An initiative that might ultimately arise out of coronavirus would be the implementation of a Universal Basic Income (UBI).
This scheme could run along the following lines: all existing welfare is replaced with government instead providing each adult citizen a sum of, say $1,000 per month (the UBI). This sum could be fixed to inflation; additionally, increased government funding for food relief organisations such as Foodbank may be necessary to fill in further gaps.
When the Greens put forth their UBI proposal in April 2018, while it was financially impractical, I noted “a UBI may be essential one day.” Well, now appears to be that very ‘day’, as current circumstances warrant the establishment of a UBI. This view is supported on the grounds that follow:
1. An efficient means of providing aid
At present, it is projected that Australia will be headed for an unemployment rate of 15 %, with even tighter lockdowns and continued economic carnage in sight. This has brought about a ten-fold increase in people using the myGov website, causing it to crash under tremendous pressure. The resources of Centrelink are stretched such that people making unemployment claims today might not even receive payment for months to come.
This problem of efficiency certainly favours the creation of a UBI. If it be permanently arranged that every adult citizen was paid $1,000 per month, administrative and resource deficiencies would pose no bar to assistance. People would be paid with consistency each month; rather than having to persist through 5-hour Centrelink calls which only menially progress their plight. In this respect, the UBI would be a more reliable source of financial support than current welfare.
2. A pro-family welfare system
Our present entitlements system runs at a cost of 191.8 billion dollars per annum. Much of this accrues towards delinquents, degenerates and habitual welfare users–who generally lack ambition to improve their moral or material lot. Some benefits specifically support single parents, incentivising an undesirable type of lifestyle.
Contrary to encouraging this mess, a UBI would direct governmental assistance more towards the family. Take the hypothetical of a young married couple that pays $500 per fortnight in rent, has one young child and a household income of $120,000 per annum. Presently, this couple would struggle to access significant government assistance. These circumstances would render it challenging for the couple to pay for rearing another child, so they may consign themselves to only one. This would be sad and reflect poorly on a First World country, given family is the building block of society.
An introduction of the UBI would transform this predicament. A household UBI total of $2,000 per month would easily cover rent, electricity and water; likely with some left over. It would consequently encourage family continuation (and for others) creation–necessary developments in our dying society.
3. Providing people with tangible assistance
In his recent press release, Treasurer Josh Frydenberg announced the government’s plan to ‘inject’ $189 billion dollars to boost the coronavirus-afflicted economy. Now there are some laudable ideas within it, such as increasing the NewStart Allowance. But when Frydenberg states “A total of $189 billion is being injected into the economy (my emphasis),” this announcement strikes as detached and indifferent.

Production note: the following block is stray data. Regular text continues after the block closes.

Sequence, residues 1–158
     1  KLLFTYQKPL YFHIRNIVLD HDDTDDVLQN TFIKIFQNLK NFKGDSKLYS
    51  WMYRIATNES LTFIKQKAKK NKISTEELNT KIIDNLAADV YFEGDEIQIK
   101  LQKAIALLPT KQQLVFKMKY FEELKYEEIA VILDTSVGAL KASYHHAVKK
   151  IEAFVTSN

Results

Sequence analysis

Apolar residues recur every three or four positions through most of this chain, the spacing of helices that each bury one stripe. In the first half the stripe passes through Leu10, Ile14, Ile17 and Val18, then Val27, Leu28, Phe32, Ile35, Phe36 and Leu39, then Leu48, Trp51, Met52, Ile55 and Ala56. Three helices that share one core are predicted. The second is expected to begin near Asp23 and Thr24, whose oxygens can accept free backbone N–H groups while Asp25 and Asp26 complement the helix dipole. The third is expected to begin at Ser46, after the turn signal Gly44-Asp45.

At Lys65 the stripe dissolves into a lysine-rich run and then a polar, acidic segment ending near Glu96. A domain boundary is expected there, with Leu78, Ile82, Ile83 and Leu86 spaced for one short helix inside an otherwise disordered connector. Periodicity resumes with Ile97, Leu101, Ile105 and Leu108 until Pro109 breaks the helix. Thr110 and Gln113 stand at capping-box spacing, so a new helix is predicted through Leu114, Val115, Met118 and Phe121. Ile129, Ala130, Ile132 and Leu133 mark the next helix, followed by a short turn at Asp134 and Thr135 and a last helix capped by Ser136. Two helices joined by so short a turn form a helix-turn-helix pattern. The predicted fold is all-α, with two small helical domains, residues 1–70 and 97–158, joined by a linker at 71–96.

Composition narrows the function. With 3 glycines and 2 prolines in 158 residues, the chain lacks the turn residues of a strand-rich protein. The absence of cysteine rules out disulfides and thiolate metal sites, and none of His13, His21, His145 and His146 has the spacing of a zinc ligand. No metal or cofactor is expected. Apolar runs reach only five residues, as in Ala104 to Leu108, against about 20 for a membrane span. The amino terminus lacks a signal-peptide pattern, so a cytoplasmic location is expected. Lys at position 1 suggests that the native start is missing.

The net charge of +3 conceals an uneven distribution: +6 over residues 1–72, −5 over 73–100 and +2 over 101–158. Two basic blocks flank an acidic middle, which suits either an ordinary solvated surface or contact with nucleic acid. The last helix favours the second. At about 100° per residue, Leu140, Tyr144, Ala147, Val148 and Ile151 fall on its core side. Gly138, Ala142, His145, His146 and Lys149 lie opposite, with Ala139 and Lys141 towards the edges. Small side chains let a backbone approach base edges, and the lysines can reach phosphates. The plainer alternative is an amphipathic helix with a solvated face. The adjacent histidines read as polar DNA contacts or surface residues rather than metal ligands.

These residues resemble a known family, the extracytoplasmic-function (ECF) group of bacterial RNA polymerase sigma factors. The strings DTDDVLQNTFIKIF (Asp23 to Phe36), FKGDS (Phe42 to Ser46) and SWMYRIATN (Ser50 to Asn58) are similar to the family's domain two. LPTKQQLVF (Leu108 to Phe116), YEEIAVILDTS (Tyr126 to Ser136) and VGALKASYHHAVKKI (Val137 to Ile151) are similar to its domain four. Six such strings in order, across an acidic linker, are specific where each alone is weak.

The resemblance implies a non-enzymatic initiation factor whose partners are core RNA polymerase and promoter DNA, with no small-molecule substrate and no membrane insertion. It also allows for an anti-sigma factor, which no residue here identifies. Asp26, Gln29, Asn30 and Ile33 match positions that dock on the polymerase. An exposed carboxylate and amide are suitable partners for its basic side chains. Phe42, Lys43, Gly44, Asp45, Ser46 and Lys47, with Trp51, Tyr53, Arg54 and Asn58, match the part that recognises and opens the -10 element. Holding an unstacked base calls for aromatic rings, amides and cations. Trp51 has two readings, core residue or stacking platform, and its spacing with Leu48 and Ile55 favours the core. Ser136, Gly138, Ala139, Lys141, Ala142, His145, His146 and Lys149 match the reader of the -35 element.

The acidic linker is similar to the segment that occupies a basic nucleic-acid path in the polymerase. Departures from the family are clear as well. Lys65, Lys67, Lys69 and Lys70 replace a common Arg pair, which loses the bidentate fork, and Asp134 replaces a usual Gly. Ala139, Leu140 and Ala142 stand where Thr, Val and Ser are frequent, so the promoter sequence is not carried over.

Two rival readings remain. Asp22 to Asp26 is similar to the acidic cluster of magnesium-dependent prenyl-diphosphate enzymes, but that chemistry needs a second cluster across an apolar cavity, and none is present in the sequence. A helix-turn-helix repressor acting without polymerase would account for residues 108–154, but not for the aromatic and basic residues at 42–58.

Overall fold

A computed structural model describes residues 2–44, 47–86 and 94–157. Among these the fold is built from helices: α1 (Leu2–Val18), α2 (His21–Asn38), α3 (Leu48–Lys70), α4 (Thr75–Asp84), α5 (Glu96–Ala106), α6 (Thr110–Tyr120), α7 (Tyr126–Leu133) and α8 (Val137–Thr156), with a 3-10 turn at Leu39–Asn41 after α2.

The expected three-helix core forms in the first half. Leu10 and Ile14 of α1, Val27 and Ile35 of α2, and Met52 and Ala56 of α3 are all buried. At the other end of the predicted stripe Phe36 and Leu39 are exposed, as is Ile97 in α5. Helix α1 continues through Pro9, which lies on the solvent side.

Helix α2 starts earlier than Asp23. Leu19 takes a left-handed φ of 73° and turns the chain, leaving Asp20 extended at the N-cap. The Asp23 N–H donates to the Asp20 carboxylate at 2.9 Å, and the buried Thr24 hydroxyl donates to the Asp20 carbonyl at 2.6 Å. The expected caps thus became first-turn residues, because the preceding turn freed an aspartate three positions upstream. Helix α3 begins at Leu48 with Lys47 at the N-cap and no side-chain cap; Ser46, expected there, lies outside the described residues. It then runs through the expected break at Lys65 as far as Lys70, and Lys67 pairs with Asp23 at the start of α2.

How will this ‘injected’ economic relief help ordinary people, both in layman’s terms and on the ground? Obviously and as alluded to, these $189 billion dollars will help someone, somewhere. But will this relief be as accessible and assured as the provision of $1,000 per month to each man and woman? The nature of government could fairly lend one to highly doubt that.
4. The continued trajectory of automation
In November 2017, a report by the McKinsey Global Institute claimed that automation would take ‘800 million jobs by 2030’. Now over two years on, it is difficult to say whether automation is actually set to fulfil this dramatic projection.
Based off pure instinct, ‘800 million jobs by 2030′ does seem to be a little premature and pessimistic. Nevertheless, this report does give us a general idea as to future shifts in employment. Whether they occur in 5, 10, 20, 50, or 80 years’ time, such irreversible job losses will have ramifications greater than those following the Industrial Revolution. Which, as a reminder were enormous: inflicting wholesale social dislocation, causing Marxism, Communism, Fascism, World War Two and the Cold War.
In order to limit future instability resulting from automation, people must be provided with passable, adequate relief. This could be done through the UBI, which recognises employment as unrealistic for a burgeoning part of the population. There can be little ‘pulling yourself up by the bootstraps’ if only an ever-decreasing number of jobs remain.
5. A realistic answer to matters as they exist:
The UBI would find many supporters on the left, who may well promote this as a utopian scheme to reduce inequality, work hours and societal discomfort.
We on the right, however, should be under no such illusions. When people permanently lose work and thus a pertinent part of their identity, they will remain dispirited. This loss might be mitigated by UBI payment, but will never be completely offset. There will be, of course, some who use their UBI for engaging in self-destructive, nihilistic behaviour.
A UBI is not the perfect answer; it is the best possible answer to the problems we are (and will increasingly become) mired in. Welfare, especially in our advanced democracy, is not going away.
Whatever problems may be associated with it, the goal should not be to work towards the elimination of welfare–a fantastical, utopian scheme of itself. Rather, we should move towards an entitlement system that secures the common good to the greatest extent possible. Such a scheme is manifest in the UBI.